Green Bays: Verses and Parodies

Front Cover
Methuen, 1893 - Oxford. University - 89 pages
0 Reviews

What people are saying - Write a review

We haven't found any reviews in the usual places.

Other editions - View all

Common terms and phrases

Popular passages

Page 34 - ... moving waters at their priestlike task Of pure ablution round earth's human shores, Or gazing on the new soft fallen mask Of snow upon the mountains and the moors: — No — yet still steadfast, still unchangeable, Pillow'd upon my fair Love's ripening breast To feel for ever its soft fall and swell, Awake for ever in a sweet unrest; Still, still to hear her tender-taken breath, And so live ever, — or else swoon to death.
Page 71 - Kilve's smooth shore, by the green sea, Or here at Liswyn farm ? " In careless mood he looked at me, While still I held him by the arm, And said, " At Kilve I'd rather be Than here at Liswyn farm.
Page 9 - That whatever Mr. Baring Gould writes is well worth reading, is a conclusion that may be very generally accepted. His views of life are fresh and vigorous, his language pointed and characteristic, the incidents of which he makes use are striking and original, his characters are life-like...
Page 9 - Old Country Life," as healthy wholesome reading, full of breezy life and movement, full of quaint stories vigorously told, will not be excelled by any book to be published throughout the year. Sound, hearty, and English to the core.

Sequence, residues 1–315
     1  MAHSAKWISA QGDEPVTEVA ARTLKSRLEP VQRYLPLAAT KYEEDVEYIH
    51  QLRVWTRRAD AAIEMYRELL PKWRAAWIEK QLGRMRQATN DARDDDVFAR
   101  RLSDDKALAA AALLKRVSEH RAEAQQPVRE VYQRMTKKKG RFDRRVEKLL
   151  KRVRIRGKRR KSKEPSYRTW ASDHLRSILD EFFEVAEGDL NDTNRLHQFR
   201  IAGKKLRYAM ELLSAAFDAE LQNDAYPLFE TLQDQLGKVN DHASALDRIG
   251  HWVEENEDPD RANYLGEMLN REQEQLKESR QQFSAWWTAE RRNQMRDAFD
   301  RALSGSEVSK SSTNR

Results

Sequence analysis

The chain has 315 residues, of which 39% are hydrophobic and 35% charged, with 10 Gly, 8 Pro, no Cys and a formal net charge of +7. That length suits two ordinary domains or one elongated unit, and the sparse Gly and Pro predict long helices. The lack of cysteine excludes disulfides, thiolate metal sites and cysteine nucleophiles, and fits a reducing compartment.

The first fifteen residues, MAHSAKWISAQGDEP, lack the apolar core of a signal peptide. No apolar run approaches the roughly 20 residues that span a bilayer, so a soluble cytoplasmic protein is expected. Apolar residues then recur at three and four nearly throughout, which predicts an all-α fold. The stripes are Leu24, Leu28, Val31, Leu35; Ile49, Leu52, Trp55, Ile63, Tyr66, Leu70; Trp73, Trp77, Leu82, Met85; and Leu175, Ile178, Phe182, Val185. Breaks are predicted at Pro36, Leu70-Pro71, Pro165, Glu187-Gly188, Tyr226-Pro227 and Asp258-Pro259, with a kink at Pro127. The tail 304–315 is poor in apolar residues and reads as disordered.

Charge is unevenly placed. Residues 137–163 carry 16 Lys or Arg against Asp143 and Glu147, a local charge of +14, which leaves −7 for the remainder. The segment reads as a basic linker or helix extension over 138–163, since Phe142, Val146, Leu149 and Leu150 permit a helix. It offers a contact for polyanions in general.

Page 6 - Mr. Kipling's verse is strong, vivid, full of character. . . . Unmistakable genius rings in every line.* — Times. ' The ballads teem with imagination, they palpitate with emotion. We read them with laughter and tears : the metres throb in our pulses, the cunningly ordered words tingle with life; and if this be not poetry, what is ? '—Pall Mall Gazette.
Page 6 - The greatest world-poem of the nineteenth century next to "Faust." It is in the same set with "Agamemnon," with "Lear," with the literature that we now instinctively regard as high and holy.
Page 4 - SPLENDID SPUR NOT on the neck of prince or hound, Nor on a woman's finger twined, May gold from the deriding ground Keep sacred that we sacred bind: Only the heel Of splendid steel Shall stand secure on sliding fate, When golden navies weep their freight.

Bibliographic information